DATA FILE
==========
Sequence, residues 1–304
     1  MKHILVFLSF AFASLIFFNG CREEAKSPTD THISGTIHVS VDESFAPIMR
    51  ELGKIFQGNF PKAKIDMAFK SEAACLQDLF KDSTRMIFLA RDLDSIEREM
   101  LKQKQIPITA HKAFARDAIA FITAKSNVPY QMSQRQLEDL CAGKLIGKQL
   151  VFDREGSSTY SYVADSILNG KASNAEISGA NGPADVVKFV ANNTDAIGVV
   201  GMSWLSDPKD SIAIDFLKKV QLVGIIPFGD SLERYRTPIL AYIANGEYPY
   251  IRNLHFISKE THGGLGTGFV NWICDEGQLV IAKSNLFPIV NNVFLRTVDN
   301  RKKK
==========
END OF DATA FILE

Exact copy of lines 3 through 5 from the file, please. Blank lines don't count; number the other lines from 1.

    51  ELGKIFQGNF PKAKIDMAFK SEAACLQDLF KDSTRMIFLA RDLDSIEREM
   101  LKQKQIPITA HKAFARDAIA FITAKSNVPY QMSQRQLEDL CAGKLIGKQL
   151  VFDREGSSTY SYVADSILNG KASNAEISGA NGPADVVKFV ANNTDAIGVV